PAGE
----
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Galway City centre building owners in dispute over apartments access


From this week's Galway City Tribune

From this week's Galway City Tribune

Galway City centre building owners in dispute over apartments access Galway City centre building owners in dispute over apartments access

From the Galway City Tribune – A planning dispute has broken out between the owners of adjoining premises on Shop Street over access to planned new residential accommodation – through a pub’s yard and smoking area.

An Bord Pleanála will decide later this year on the dispute – between the owners of the Taaffe’s Bar building and the company which bought the former Griffin’s Bakery – over the use of a laneway at the side of the pub.

Last month, the City Council granted planning permission to Jessed Ltd – the new owners of the Griffin’s building at 21 Shop Street – for a change of use of the rear ground floor and the first, second and third floors from a bakery operation to residential use – including the removal of ovens, preparation and refrigeration equipment. In total, there would 2 four-bed units.

The company was refused permission for a food outlet with indoor and outdoor seating as part of the same application.

Kieran and Ann Murphy from Moycullen, who own 19/20 Shop Street, have now appealed the residential element of the application.

They said that while they do not object to the principle of the site being redeveloped, they wanted planning permission amended “to ensure that residential access is not granted through lands which are under [their] ownership”.

The matter had initially been raised by the Murphys in a submission to the Council, but in his assessment of the planning application, Council Executive Planner Peter Staunton said it was a civil matter.

According to the Murphy’s appeal, it is also a planning matter, due to the location of the access point, in the interests of residential amenity and proper planning.

Through their agents MKO, the appellants also questioned whether the planning application was valid in the first place because the public notices failed to reference the number of residential units proposed and did not reference residential use at the ground floor level.

“Currently, the proposed access for all of the residential units in this scheme have been permitted via third party lands, which are not accessible to the public, and for which no letter of consent from the landowner has been furnished.

“Access to residential buildings should be available to residents and visitors of the units at any time, day or night, and should be accessible from a public area.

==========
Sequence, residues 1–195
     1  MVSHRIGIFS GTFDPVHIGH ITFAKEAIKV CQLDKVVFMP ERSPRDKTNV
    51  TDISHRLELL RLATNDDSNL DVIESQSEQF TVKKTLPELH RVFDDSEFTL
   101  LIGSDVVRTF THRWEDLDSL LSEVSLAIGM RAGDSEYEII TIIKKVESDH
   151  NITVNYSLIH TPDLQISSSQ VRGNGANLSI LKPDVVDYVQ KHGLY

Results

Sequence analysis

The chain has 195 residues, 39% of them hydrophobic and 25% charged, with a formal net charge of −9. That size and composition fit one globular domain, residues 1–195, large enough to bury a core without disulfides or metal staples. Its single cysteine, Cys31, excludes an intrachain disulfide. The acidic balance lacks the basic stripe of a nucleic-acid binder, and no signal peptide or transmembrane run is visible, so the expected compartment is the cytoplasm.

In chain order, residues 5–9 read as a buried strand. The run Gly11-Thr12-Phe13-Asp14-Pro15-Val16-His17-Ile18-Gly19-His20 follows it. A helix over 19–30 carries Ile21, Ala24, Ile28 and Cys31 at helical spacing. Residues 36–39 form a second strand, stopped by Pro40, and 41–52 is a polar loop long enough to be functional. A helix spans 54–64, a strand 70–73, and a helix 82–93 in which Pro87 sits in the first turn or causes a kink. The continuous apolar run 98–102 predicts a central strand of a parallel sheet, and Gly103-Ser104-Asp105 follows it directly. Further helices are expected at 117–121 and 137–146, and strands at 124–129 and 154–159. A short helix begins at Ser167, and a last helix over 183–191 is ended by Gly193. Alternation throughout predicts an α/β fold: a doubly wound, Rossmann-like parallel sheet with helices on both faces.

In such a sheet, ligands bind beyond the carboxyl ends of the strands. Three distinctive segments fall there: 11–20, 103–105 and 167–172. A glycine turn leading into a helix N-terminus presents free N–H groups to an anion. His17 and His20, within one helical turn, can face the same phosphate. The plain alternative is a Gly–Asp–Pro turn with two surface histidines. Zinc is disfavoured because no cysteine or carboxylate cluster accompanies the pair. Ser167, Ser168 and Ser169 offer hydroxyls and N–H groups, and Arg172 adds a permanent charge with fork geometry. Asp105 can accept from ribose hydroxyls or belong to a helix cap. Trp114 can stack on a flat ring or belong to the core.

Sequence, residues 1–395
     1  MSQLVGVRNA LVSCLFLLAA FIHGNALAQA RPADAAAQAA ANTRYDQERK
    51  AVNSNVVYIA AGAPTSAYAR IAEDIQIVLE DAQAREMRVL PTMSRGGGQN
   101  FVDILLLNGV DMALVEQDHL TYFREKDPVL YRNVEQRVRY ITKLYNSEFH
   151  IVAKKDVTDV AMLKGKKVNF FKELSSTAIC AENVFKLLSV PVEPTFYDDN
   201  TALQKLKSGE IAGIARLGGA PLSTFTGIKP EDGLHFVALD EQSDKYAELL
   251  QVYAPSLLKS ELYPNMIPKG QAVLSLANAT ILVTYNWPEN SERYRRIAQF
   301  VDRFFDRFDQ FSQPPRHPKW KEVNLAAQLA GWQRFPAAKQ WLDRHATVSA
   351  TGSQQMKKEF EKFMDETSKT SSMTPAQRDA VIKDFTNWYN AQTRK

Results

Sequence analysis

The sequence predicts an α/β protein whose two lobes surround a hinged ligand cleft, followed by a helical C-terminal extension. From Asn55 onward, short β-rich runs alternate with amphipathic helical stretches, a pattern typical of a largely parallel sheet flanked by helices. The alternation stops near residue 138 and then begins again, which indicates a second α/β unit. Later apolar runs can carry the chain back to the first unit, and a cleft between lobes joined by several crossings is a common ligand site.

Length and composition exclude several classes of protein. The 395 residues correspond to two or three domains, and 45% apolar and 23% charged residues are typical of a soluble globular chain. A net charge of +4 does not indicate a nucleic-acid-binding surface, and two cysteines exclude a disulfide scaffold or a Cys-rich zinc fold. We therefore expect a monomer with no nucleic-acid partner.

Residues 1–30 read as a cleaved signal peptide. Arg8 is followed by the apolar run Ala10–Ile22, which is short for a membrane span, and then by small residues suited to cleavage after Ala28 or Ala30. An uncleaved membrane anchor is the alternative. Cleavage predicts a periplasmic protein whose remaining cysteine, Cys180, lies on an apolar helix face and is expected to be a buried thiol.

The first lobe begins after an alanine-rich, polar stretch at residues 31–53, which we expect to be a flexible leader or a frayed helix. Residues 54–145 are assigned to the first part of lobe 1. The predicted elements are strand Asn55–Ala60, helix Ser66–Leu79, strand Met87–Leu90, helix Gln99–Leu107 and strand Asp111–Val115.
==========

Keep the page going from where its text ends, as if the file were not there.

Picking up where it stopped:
“The doors which have been installed in the archway for many years remain locked, only openable for staff and deliveries when necessary and only during the opening hours of the pub,

“This proposed access arrangement through a private, locked, third party premises and an existing pub smoking area appears to be highly unusual and is not considered to be appropriate in terms of proper planning and sustainable development.

“Further, should this access into a private yard/smoking area . . .  for a 150-year-old pub, it would not only injure the residential amenity of the proposed development but would also set a precedent for other development to gain access through pub smoking areas, where layouts may be similar within city centre buildings.

“It should be noted that the patrons of the pub utilising the smoking area also do not have access to this locked archway, with only staff of the pub and occupiers of the upper floors permitted to enter this space,” the appeal reads.

This article first appeared in the print edition of the Galway City Tribune. You can support our journalism by subscribing to the Galway City Tribune HERE. A one-year digital subscription costs just €89.00. The print edition is in shops every Friday.

It adds that if such access was approved, it “risks injuring the commercial business operating from the property” because the pub would need to alter existing arrangements resulting in a “much less secure pub with no smoking area”.

The Murphys noted that from drawings provided with the planning application, it was clear that Jessed owned lands to the rear of the building – fronting onto 24 Middle Street – and this should be the primary access for the new residential accommodation. A decision on the appeal is expected from An Bord Pleanála at the beginning of June.

Under the Government’s Living City Initiative (LCI), Galway City centre is a designated Special Regeneration Area, meaning a person who refurbishes or converts residential or commercial properties can claim tax relief on monies spent.

Jessed Ltd is owned by Graham Quinn, who set up beauty products distribution business Graham Anthony, and is also involved in property investment with Joe Dennigan of the distribution giant Sam Dennigan & Co.

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